A Fairfield man was sentenced to a minimum of 17-and-a-half years in prison on Wednesday after pleading guilty to four felony offenses: three counts of vehicular manslaughter and one count of aggravated driving under the influence of alcohol.

Matthew Richard Park, 47, killed three children in the early hours of Aug. 10, 2019.

Three sisters, Aneena Lurak, 6, Kya Lurak, 5, and Drayka Emyka Rayshell, 3, were asleep in their car seats in the back of their parents’ Dodge Neon when Park rear-ended the family’s car. The collision killed the two older siblings instantly and fatally injured the youngest, who died at a hospital in Boise later that morning.

The girls’ father, Somchai Lurak, was driving with his fiancée Emma Weigand in the passenger seat. The impact left Lurak an incomplete quadriplegic.

The Neon was stopped at a temporary construction light between Timmerman Junction and Fairfield on U.S. Highway 20 when Park, who approached the light going 85 mph, failed to see the vehicle’s brake lights, and collided into the back of the Neon going an estimated 53 mph, according to an accident reconstruction completed by the Idaho State Police.

Park’s 2500 Dodge pickup weighed roughly 6,000 lbs., according to prosecuting attorney Matt Fredback, nearly double the Neon. Upon impact, the truck drove on top of the back of the Neon. Park attempted multiple times to back up off of the vehicle, where the girls and their parents were all trapped.

At the scene of the accident, Park gave a breath sample to check for alcohol in his system. He had a blood-alcohol concentration of 0.191/0.189, or more than two-and-a-half times the legal limit of 0.08.

Family and friends of both the defendant and the victims were present during Wednesday’s emotional sentencing hearing. Weigand read a statement into the court record, highlighting each of the couple’s three daughters and telling the court what they will miss most about each of them.

Aneena, “always told it like it is,” Weigand said. “She was her daddy’s little sidekick.”

Aneena loved sports, particularly soccer, and loved to write, sing and dance.

“She’s the girl who made us parents,” Weigand told the court through tears.

Kya was described as “mischievous,” smart and a quick learner. She would have entered kindergarten the week following the crash, and was excited to start.

“Kya was full of love,” Weigand said. She enjoyed spending time with her family and going on adventures. Lurak and Weigand called her, “our little sour patch kid.”

Drayka, the youngest of the three sisters, was a “sassy little chunky monkey,” Weigand told the court.

Soft and loving, Drayka used her hands and body movement to tell stories. She loved ballet and free style dancing.

“She had a lot of wishes that will never come true,” Weigand said.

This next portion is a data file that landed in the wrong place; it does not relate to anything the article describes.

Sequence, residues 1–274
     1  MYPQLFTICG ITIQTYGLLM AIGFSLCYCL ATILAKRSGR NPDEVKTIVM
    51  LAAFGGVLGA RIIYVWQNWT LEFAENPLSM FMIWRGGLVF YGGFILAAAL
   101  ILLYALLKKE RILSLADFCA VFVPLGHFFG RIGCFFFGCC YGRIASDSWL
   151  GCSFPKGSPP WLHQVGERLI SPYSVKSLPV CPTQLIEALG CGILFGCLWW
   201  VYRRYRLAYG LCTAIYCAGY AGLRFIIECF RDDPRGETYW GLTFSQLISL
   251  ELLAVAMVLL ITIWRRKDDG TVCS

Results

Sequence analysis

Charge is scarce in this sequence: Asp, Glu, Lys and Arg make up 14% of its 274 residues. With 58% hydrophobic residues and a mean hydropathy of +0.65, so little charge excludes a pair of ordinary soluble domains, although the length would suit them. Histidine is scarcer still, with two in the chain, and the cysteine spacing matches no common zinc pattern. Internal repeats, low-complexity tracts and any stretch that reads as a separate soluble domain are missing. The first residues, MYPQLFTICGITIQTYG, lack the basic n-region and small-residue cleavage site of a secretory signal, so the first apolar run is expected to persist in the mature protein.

Lurak, who also gave a victim’s impact statement to the court, said he fears he will never be able to do the things he used to love—hiking, fishing, hunting—due to his injuries, which have left him confined to a wheelchair.

“Everything has just spiraled downhill,” Lurak said, telling the court his daughters were his reason to live and his whole world.

Five people testified under oath on Park’s behalf during Wednesday’s four-hour long sentencing hearing, describing him as a warm, kindhearted man who would do anything for anyone. They called the tragedy a terrible accident that should not be the singular defining moment upon which his character is judged.

Ultimately, Fifth District Judge Ned Williamson followed the prosecutor’s recommendation of five years fixed for each of the three vehicular manslaughter charges, with an indeterminate sentence of 10 years if parole isn’t granted. The 15 years will run consecutively, along with a two-and-a-half-year sentence for the aggravated DUI charge.

If released following the mandated sentence, Park will be 64 years old. Following his release, Park will have a suspended driver’s license for five years, and will be ordered to have an interlock device installed in his vehicle for the rest of his life, ensuring he will never be able to drive under the influence of alcohol again.

A restitution hearing will be scheduled sometime in the future to determine Park’s financial responsibility to Lurak and Weigand. As of Wednesday, the restitution amount for medical expenses exceeded a quarter of a million dollars, an amount that Fredback said will continue to grow for years to come as Lurak continues rehabilitation.

Prior to receiving his sentence, Park gave a statement to the court, addressing Lurak and Weigand from the defense table.

“I will always be burdened with the weight of what I’ve done,” Park said through tears. “My only wish is that somehow I could ease your suffering. I am so truly sorry.”